and, you know, I don't think any Bond's had to hear so many times,
"You're too old. Stop. Give up."
So he had to allow himself to go into that territory.
The Bond girl at the centre of this is Judi Dench's character.
It is actually almost as much about her as it is about Bond.
That seemed to me to be a very Sam Mendes touch.
Yeah, that was very deliberate.
I felt from the beginning that M was the central character.
I'm going to find whoever did this.
One of the things I love about Bond is that
there's never a sense he's trying to make excuses for himself or explain his actions.
And the one person who understands that is M.
And the one person who understands him is M.
You have that kind of wisdom with Judi Dench
that can bring that kind of texture to a story.
And so that was something I really wanted to try and find a way in.
For Bond's soul and the one person who can see it.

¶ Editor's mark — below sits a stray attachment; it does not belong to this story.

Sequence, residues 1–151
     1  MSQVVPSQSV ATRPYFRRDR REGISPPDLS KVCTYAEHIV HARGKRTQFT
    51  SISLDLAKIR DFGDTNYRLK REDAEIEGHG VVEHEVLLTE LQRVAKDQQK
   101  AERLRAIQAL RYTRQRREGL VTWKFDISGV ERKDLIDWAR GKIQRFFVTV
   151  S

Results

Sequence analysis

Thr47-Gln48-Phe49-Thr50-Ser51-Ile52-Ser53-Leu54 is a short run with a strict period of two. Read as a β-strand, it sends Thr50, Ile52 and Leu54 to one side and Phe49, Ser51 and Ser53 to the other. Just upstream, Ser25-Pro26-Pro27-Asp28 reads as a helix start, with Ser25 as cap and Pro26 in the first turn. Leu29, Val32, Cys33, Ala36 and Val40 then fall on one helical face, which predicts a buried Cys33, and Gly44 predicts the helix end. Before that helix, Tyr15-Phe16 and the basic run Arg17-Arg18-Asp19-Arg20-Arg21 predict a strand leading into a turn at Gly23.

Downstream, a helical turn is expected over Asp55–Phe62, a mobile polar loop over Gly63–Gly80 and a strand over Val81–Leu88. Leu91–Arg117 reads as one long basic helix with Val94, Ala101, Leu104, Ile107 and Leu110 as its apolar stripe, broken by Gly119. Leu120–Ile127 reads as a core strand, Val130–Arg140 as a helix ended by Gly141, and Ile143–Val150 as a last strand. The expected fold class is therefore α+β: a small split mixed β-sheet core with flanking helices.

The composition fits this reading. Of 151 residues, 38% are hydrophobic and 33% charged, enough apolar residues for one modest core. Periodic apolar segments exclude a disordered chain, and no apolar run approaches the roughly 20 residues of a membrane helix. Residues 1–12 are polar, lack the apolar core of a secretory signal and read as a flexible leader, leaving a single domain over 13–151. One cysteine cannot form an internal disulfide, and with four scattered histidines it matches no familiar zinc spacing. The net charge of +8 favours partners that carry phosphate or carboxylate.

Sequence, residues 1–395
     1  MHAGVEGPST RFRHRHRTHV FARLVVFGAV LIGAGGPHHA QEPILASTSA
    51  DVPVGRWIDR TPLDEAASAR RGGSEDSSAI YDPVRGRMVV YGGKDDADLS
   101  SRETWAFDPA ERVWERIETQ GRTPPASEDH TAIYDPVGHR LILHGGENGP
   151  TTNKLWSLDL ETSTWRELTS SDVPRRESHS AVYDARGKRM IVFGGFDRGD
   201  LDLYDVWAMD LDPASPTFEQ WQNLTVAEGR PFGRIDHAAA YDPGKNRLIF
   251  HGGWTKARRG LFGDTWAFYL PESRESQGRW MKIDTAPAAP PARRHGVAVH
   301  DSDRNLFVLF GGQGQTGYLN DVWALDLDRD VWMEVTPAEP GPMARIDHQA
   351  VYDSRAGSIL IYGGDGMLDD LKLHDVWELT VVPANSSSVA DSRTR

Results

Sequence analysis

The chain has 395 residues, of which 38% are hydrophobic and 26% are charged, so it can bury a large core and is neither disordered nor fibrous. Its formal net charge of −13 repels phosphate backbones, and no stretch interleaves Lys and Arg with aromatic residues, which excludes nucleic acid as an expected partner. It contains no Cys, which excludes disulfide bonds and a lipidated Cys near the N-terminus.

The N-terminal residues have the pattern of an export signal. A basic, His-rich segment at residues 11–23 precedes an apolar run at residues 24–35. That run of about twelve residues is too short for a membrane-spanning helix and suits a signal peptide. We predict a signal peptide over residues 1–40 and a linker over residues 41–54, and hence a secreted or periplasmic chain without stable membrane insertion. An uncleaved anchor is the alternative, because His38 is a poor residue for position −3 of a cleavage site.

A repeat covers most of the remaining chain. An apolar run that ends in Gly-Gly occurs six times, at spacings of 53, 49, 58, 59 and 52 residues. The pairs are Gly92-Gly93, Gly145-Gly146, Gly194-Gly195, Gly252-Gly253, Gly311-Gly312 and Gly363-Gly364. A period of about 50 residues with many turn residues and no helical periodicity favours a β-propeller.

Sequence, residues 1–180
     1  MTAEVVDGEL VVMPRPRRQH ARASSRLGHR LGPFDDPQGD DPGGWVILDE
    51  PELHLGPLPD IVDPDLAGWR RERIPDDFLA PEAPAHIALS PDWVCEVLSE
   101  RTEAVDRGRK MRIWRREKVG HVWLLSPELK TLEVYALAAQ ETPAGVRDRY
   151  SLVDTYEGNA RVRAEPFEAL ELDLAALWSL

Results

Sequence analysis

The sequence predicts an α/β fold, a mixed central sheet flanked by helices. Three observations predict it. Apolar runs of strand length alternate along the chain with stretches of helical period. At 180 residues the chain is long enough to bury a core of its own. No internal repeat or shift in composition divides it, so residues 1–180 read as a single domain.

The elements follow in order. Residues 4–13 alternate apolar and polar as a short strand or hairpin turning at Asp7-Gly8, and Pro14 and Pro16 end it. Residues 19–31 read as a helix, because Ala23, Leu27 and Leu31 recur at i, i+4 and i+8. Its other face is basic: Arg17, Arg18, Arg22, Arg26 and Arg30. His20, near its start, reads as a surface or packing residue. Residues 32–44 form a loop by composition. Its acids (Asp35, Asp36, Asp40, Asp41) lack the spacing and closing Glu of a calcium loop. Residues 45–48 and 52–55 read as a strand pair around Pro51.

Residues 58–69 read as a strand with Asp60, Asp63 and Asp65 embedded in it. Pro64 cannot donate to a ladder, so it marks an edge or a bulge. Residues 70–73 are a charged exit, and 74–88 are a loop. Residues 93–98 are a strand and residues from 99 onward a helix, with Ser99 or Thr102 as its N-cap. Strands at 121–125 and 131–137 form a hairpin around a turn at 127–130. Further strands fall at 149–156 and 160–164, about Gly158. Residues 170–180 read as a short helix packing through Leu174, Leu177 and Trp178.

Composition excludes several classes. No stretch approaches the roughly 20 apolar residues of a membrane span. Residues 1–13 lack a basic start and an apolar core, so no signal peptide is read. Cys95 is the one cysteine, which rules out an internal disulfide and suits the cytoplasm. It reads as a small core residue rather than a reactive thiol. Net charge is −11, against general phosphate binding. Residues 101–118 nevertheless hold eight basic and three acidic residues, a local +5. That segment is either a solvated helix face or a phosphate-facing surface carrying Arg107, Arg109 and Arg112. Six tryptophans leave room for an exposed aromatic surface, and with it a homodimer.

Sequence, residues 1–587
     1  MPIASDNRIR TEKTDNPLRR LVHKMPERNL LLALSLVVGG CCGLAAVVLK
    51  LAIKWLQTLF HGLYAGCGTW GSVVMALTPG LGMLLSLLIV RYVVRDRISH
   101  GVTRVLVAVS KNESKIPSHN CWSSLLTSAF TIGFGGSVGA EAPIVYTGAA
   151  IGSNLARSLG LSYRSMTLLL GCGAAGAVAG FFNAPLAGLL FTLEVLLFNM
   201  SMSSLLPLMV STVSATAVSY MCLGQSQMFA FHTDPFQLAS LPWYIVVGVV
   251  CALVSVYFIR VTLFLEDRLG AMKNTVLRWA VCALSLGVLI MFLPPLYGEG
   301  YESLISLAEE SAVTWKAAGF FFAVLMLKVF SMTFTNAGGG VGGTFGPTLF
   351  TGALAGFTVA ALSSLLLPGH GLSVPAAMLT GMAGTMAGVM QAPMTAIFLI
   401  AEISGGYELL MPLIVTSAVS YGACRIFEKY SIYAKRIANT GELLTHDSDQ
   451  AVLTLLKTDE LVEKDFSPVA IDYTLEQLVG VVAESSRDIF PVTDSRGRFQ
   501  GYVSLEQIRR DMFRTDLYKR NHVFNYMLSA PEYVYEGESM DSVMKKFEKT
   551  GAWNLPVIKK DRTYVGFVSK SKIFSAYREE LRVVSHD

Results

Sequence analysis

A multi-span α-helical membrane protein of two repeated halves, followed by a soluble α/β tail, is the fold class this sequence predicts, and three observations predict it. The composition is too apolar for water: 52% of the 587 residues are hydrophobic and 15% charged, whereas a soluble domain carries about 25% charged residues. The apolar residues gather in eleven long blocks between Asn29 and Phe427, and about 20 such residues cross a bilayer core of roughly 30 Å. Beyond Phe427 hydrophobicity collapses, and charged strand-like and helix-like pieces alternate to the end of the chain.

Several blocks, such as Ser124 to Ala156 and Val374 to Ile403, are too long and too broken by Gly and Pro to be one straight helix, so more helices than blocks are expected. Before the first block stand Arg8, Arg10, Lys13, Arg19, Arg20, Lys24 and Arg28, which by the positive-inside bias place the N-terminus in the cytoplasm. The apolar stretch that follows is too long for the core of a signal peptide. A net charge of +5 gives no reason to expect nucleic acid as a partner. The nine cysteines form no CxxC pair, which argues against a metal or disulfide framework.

Tell me about how important it is to have those supporting roles
played by people you trust as actors?
Well, it's very important, but the most important thing
is writing roles good enough for them to say yes to in the first place.
-For me as a director, I'm only as ever as good as the actors.
I love actors, I love working with them.
I've spent my life doing it.
And they are my chief creative relationships.
And with the actors, I'll develop the character.
Here, we probably did invent quite a lot, particularly with Javier.
And took it beyond what was on the page at the beginning.
The creation of a classic Bond villain is not something that's formulaic.
And we've seen it done wrong.
The interesting thing with this is
you do feel that is a three-dimensional,
genuinely worrying, twisted villain.
Did she send you after me knowing you're not ready? Knowing you would likely die?
Mommy was very bad.
Tell me about the character.
Well, he was the one person who didn't say yes straightaway.
He said, I love the package, I love the rest of the cast,
I like the script very much, I like you,
but the character doesn't quite do it for me yet.
Tell me where you think we can go with him.
And so I said, Look, I think we can push him in certain areas
and I think it's going to happen the moment you come aboard.
-And so he came aboard on trust, in a way.
Not bad, James, for a physical wreck.
A lot of those things, he developed.